Take a look at the phone or laptop you’re reading this article on. Or the chair you’re sitting on. Or maybe the coffee on the desk in front of you. Whether they’re from China, India, Colombia or Denmark, chances are they spent some of the journey to where you are right now on board a container ship.
After all, around 90% of world trade is carried by sea – at an average of 1.5 tonnes per person each year. This is largely because shipping is the cheapest way to move raw materials and goods across large distances. It contributes just 0.3p to a £2.50 cup of coffee, for example. Or $5 to a $100 pair of shoes. It is without doubt one of the most important enablers of globalisation.
Shipping’s environmental impact
But all this consumer choice and ready availability comes at a growing environmental cost. The majority of container ships run on cheap ‘bunker’ fuel which emits more carbon dioxide per gallon than other transport fuels. And with more and more goods travelling greater distances, the problem is becoming more acute. Shipping is now responsible for almost 3% of global CO2 emissions. If left unchecked, that could rise to a massive 17% by 2050.
The problem is that shipping is considered one of the hardest industries to decarbonise. Moving thousands of tonnes of cargo across the ocean requires huge amounts of energy: one large container vessel uses the same amount of energy each day as 50,000 homes. Right now, alternative propulsion methods like electricity or hydrogen are either too unsafe, too expensive or simply not as effective as bunker fuel.
It’s not that shipping hasn’t cleaned up its act at all. Incremental improvements to aspects like fuel efficiency meant CO2 emissions in 2018 were 7% lower than ten years previously, despite a 40% rise in maritime trade. But in the long run, this won’t be anywhere near enough.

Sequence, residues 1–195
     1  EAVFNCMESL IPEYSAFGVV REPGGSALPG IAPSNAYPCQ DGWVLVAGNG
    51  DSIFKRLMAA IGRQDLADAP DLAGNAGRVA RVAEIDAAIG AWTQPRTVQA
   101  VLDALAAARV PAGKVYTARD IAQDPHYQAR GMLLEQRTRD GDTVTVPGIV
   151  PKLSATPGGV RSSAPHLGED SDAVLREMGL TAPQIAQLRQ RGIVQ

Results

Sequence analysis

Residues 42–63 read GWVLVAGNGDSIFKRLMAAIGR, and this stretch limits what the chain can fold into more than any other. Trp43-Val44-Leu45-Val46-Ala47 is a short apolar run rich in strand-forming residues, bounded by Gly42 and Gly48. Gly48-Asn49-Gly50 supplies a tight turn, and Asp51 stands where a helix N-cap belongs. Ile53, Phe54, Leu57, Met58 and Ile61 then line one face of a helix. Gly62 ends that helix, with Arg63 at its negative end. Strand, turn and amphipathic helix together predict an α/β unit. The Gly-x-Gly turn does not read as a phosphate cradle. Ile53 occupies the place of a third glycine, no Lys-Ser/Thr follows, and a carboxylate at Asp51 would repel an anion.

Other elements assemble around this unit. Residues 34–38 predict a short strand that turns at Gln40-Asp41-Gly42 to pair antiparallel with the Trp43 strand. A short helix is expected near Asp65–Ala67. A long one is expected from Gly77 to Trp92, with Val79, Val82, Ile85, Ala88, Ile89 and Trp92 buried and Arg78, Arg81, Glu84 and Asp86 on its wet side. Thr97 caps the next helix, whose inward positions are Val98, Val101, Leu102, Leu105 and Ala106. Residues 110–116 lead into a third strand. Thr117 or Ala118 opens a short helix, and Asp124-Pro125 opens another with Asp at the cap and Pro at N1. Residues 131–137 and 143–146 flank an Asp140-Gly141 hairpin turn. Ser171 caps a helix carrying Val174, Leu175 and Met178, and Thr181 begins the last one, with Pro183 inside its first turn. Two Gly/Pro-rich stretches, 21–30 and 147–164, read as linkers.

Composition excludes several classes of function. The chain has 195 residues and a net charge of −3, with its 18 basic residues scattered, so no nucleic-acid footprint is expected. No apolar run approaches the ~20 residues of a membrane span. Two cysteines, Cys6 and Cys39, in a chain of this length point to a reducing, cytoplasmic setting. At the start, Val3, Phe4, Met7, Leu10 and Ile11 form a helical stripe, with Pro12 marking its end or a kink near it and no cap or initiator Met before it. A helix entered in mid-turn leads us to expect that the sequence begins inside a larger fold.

Sustainable shipping targets
In 2018, the International Maritime Organization’s (IMO) Marine Environment Protection Committee set targets to cut shipping’s carbon emissions by at least 40% by 2030 as well as halve greenhouse gas emissions by 2050 from 2008 levels.
The industry’s biggest player, Maersk, has called for further action. CEO Soren Skou has said consumers could pay a little more for their goods to fund greener shipping technologies. He has also suggested the IMO should introduce a global carbon tax in the next few years. The EU, as part of it’s Green Deal, recently proposed adding shipping to its carbon trading market. This would mean ship operators would have to pay for their emissions when using EU ports.
Cleaner propulsion options
Funding for greener technologies will certainly be needed. There are a variety of exciting solutions under exploration, but decarbonising shipping is likely to cost more than $1 trillion.
Just like on land, electricity could have a vital role to play, and the world’s first electric container ship is set to launch later in 2021. The 80-metre-long Yara Birkeland will have enough batteries on board to produce 9 megawatts of energy – the same as 90 Tesla Model S batteries. But as a sign of how far electric shipping still has to go, its cargo capacity will be just 120 TEU (20-foot equivalent units), compared to the 20,000-plus TEU capacities offered by the world’s largest container vessels.
Could hydrogen provide the answer? Some members of the shipping sector are certainly optimistic and there are already pilot projects underway, mostly involving ferries.
Here, too, there are major hurdles to overcome, though. Liquid hydrogen storage takes up vast amounts of space – a crucial factor for cargo ships. And then there’s the problem of production. Hydrogen fuel cells may be emission-free, but 99 per cent of hydrogen itself is currently produced using fossil fuel methane. So-called ‘green’ hydrogen can be made via renewable energy, but this remains prohibitively expensive and energy inefficient.
One potential compromise is ammonia – a mixture of hydrogen and nitrogen that has nearly twice the energy density of liquid hydrogen. MAN Energy Solutions plans to deliver ammonia-powered ship engines by 2024. However, the problem of turning ‘grey’ hydrogen into green hydrogen remains.
Long journey ahead
In reality, there is no single solution to the sustainable shipping puzzle. Seriously reducing emissions will require a combination of low- and zero-carbon propulsion systems.
Other technologies, like increasingly ‘intelligent’ AI-powered control systems, will also play a part in improving fuel efficiency for existing vessels. This is important: revolutionising an entire industry is a slow process. Ships typically stay in service for around 25 years. Approximately 80% of the 56,000 cargo vessels in service today will still be carrying your electronics, clothes, furniture and more in 2030.